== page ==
I recollect that it was always a mystery in Newburyport how Mr. Todd contrived to make profitable voyages to New Orleans and other places, when other merchants with as fair an opportunity to make money, and sending at the same ports at the same time, invariably made fewer successful speculations. The mystery seems to be unravelled. Any man can gather up riches, if he does not care by what means they are obtained.
The Francis carried off seventy-five slaves, chained in a narrow place between decks. Captain Brown originally intended to take one hundred and fifty of these unfortunate creatures; but another hard-hearted shipmaster underbid him in the price of passage for the remaining moiety. Captain B, we believe, is a mason. Where was his charity or brotherly kindness?
I regretfully request the editor of the Newburyport Herald to copy this article, or publish a statement of the facts contained herein—not for the purpose of giving information to Mr. Todd, for I shall send him a copy of this number, but in order to enlighten the public mind in that quarter —G.
At the succeeding February term of Baltimore City Court, the Grand Jury presented this publication as a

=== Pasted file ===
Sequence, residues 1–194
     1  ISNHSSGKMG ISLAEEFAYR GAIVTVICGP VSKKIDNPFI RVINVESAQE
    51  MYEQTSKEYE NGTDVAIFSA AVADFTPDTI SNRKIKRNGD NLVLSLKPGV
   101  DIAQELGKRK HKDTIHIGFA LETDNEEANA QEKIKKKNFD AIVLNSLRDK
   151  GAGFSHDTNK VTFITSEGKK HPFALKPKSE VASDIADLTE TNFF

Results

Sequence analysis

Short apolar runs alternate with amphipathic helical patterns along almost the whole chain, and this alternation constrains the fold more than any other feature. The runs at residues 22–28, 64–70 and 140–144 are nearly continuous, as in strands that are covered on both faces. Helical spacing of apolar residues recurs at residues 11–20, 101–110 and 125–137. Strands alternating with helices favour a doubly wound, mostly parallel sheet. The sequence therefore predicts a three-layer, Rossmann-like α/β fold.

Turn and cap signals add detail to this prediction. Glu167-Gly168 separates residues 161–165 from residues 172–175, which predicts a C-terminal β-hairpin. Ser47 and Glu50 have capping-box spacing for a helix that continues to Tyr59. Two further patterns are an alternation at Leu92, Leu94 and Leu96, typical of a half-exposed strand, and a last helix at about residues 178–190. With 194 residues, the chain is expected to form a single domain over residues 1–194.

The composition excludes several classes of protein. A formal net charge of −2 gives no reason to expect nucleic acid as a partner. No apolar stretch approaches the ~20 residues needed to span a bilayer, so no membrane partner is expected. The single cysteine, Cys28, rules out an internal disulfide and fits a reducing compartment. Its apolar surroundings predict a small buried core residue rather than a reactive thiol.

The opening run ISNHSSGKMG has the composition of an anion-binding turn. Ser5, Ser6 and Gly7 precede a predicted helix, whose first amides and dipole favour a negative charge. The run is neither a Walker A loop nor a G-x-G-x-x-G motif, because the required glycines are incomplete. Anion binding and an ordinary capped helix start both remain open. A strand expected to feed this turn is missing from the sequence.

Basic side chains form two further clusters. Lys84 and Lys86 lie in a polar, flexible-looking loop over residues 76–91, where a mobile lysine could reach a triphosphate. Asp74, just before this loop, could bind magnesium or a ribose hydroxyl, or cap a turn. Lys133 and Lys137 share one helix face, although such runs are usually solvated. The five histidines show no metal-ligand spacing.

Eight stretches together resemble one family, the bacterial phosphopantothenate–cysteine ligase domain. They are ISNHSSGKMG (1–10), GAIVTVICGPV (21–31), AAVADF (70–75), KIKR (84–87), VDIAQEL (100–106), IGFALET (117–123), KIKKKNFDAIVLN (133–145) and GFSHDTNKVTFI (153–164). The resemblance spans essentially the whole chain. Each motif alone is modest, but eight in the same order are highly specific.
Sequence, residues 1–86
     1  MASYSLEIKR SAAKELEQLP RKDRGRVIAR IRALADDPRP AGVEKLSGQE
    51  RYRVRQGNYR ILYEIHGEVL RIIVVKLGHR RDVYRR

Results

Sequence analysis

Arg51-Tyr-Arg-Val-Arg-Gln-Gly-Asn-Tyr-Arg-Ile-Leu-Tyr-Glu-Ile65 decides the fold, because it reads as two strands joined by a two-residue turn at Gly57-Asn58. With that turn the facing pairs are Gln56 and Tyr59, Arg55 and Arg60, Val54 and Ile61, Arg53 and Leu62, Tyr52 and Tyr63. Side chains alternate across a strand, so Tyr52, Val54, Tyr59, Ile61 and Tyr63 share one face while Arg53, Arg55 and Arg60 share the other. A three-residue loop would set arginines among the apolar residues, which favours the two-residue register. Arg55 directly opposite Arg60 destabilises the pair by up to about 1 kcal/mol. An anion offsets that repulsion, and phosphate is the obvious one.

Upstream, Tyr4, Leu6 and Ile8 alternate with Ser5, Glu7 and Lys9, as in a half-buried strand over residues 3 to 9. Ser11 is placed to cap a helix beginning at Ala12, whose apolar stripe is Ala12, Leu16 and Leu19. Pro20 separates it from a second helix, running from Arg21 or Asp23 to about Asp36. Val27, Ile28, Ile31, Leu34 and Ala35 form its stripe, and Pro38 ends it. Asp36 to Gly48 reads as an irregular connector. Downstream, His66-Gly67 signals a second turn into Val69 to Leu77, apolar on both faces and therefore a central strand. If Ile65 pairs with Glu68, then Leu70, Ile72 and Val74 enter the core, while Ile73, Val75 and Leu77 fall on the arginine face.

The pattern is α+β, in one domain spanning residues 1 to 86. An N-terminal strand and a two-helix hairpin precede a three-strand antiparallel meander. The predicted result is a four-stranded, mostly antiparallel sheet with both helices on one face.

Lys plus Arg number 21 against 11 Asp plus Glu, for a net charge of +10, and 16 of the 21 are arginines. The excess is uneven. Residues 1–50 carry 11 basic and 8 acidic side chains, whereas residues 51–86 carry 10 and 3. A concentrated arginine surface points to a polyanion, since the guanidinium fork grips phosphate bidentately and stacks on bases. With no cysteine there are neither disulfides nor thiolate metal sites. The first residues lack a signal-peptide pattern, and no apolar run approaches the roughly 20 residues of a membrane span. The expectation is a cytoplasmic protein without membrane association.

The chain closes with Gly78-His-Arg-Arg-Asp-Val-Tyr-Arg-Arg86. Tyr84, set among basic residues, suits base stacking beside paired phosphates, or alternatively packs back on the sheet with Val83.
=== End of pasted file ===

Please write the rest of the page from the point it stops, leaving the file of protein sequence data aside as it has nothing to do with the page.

gross and malicious libel. They afterwards found an Indictment against both the Editors, which was at the same term tried against Garrison alone—Lundy being out of the State. The Jury, without hesitation, found a verdict of guilty; and after an ineffectual attempt to arrest the judgment, upon technical objections, the Court imposed a fine of $30. This the Defendant was either unable or unwilling to pay, and he was therefore committed, and remained in jail for some time, till it was satisfied.
A private action for this libel had been instituted by Mr. Todd against both the Editors; but in consequence of Lundy’s absence, the process was served only on Garrison, who was in fact the writer of the article. After his conviction in the City Court, he was distinctly informed through his Counsel, that as Mr. Todd had no vindictive feelings to gratify, the suit would be withdrawn, if a proper apology, and recantation of the calumny were put upon record. This offer Mr. Garrison not only refused, but while in confinement, published a pamphlet containing, with his report of the trial, a republication of the libel, and a number of gross insinuations against the Chief Judge of the Court.